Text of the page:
Let me spell out the development. Jesus invites people to follow him, to come and see his ministry, mission, and method. Those who take up this call to come and see become his disciples, pupils and learners. After they have followed Jesus around for some time and borne witness to his ministry to the sick, the oppressed, the downtrodden, Jesus gives his disciples the authority to do exactly what he has been doing, to carry on the work of the kingdom of God. After this, the language changes. No longer are they called disciples (learners, pupils) but apostles (sent ones, delegates). Their identity is changed. They remain disciples, for they will never stop being followers of Jesus, but they also become representatives of Jesus, doing what he does and bringing the good news of God's kingdom to the world. Responding to Jesus' call to come and see naturally leads to Jesus's commissioning to go and do, or perhaps a better way of putting it, go and be like Jesus.  

So what does it mean to be like Jesus, to do the work of Jesus? What follows in Matthew 10 is a list of instructions for the twelve apostles. The details do not translate directly into our context, but we as contemporary followers of Jesus and "sent ones" can draw some principles from these directives. Below are a few of the specific instructions along with a corresponding general principle for us today.

1. "Jesus sent out these twelve with clear instructions. Don’t go to the outsiders or to the towns inhabited by Samaritans, a people whose Jewish ancestors married Gentiles. Go instead to find and heal the lost sheep of Israel." Start where you are. Before we rush out to save the world, we should look at bringing healing and wholeness to those around us: our families, friends, coworkers, neighbours, and city.
2. "As you go, preach this message: 'The kingdom of heaven is at hand.' Heal the sick, raise the dead, and cleanse those who have leprosy. Drive out demons from the possessed." Our message of hope, demonstrated in our actions, is that God is near, God is a healer, God brings life, God is a restorer, God brings freedom.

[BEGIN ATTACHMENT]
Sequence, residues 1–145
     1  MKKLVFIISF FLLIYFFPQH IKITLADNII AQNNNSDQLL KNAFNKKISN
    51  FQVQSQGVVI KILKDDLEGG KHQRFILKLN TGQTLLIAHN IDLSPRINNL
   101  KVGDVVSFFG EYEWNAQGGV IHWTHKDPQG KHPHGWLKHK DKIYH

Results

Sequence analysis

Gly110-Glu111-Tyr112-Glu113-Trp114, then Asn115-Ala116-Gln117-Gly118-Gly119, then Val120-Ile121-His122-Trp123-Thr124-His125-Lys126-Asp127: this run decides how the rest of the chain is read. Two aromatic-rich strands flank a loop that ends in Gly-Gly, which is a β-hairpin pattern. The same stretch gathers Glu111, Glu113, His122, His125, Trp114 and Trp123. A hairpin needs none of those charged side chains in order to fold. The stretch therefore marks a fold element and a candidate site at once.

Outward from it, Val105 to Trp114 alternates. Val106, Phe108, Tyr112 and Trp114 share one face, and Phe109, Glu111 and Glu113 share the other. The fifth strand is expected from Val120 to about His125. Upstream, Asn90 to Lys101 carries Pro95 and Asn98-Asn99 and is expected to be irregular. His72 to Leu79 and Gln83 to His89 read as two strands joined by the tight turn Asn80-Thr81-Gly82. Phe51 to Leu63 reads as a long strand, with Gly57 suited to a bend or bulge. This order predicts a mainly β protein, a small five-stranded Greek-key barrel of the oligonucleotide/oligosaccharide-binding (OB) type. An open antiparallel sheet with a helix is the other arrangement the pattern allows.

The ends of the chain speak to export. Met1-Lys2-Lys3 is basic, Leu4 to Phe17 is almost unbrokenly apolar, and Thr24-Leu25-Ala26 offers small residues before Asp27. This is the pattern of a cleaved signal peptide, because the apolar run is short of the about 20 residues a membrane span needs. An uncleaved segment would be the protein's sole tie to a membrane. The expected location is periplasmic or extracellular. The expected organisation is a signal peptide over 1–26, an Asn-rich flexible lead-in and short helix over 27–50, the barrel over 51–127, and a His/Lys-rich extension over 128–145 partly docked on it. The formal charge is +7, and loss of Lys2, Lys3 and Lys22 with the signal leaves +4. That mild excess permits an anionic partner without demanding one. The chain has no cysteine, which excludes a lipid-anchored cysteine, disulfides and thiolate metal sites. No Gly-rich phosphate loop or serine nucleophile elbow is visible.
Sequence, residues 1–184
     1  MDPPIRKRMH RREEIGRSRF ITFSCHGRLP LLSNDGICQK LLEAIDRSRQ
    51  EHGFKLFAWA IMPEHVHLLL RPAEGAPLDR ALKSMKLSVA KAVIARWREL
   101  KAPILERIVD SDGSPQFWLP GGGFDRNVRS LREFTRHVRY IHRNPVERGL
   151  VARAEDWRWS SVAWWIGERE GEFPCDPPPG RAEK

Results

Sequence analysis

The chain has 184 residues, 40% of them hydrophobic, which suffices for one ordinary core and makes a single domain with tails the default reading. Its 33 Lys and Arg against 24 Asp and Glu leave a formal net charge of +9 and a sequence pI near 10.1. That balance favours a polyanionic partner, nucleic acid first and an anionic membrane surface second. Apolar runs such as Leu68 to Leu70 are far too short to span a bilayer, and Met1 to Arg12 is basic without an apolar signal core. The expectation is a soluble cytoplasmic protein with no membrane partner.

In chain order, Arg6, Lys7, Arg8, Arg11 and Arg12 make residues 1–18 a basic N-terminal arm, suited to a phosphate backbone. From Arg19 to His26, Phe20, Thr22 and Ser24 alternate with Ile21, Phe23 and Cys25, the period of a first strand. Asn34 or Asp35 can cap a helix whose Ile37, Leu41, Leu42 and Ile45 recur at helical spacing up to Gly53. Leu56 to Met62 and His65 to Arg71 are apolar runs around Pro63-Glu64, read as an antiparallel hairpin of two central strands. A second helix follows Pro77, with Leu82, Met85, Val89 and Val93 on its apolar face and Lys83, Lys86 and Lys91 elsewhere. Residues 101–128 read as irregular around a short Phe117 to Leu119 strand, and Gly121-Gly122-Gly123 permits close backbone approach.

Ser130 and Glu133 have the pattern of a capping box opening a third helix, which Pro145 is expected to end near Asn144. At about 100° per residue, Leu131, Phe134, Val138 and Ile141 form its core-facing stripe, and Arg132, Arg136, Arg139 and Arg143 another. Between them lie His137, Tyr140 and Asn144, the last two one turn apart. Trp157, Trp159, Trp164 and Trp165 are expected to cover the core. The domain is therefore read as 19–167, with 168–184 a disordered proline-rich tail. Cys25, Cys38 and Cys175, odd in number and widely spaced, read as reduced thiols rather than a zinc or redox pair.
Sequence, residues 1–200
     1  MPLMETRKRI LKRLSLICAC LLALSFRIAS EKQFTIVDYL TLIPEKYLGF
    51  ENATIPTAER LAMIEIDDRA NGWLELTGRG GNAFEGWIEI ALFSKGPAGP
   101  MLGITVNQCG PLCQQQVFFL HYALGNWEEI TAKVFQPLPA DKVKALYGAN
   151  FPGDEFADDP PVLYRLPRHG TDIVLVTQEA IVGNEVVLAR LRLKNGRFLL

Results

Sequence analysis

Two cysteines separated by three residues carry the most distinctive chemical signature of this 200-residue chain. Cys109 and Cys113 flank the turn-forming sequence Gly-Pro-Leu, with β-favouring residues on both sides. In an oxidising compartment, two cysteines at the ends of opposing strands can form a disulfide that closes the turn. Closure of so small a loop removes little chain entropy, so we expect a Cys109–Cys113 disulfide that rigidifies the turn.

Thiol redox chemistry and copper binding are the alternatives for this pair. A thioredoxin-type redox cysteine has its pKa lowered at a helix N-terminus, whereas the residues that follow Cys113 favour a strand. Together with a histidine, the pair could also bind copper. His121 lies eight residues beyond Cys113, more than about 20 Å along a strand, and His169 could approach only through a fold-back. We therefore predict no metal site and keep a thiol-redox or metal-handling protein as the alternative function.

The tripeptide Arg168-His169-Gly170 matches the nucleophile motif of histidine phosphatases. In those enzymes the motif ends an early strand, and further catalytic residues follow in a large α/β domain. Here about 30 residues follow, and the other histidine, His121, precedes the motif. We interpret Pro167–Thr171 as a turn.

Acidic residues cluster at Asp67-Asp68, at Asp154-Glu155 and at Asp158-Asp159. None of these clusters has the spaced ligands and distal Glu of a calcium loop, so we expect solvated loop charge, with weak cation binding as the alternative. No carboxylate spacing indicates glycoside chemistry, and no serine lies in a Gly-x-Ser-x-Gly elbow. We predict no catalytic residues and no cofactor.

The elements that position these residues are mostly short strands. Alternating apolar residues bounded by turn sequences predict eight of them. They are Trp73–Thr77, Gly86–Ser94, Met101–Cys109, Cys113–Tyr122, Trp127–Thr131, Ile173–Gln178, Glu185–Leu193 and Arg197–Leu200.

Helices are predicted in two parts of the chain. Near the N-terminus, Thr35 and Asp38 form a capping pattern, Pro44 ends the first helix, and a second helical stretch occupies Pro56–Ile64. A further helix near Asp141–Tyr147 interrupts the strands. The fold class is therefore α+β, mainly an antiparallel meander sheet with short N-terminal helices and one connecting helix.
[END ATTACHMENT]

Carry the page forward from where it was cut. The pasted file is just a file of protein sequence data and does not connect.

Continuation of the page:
3. "You received these gifts freely, so you should give them to others freely. Do not take money with you: don’t take gold, silver, or even small, worthless change. Do not pack a bag with clothes. Do not take sandals or a walking stick. Be fed and sheltered by those who show you hospitality." Let us be generous with what God has given us, and allow others to be generous with us. Let us travel light, live simply, and trust God to supply everything we need.
4. "Listen: I am sending you out to be sheep among wolves. You must be as shrewd as serpents and as innocent as doves. You must be careful. You must be discerning. You must be on your guard." We can expect opposition and expect to be treated badly. We should never assume that everything will go our way. Let us learn wisdom. Let us cultivate discernment. Let us practice faithfulness. Let us be courageous. Do not fear. We can trust God in all circumstances.

Jesus's invitation to come and see, to participate in the life of Jesus and in the lives of others, is always linked to Jesus's commissioning to be delegates, to bring the life and love of Jesus wherever we go. The Greek word, erchomai, means both "come" and "go." This is the dual invitation of Jesus.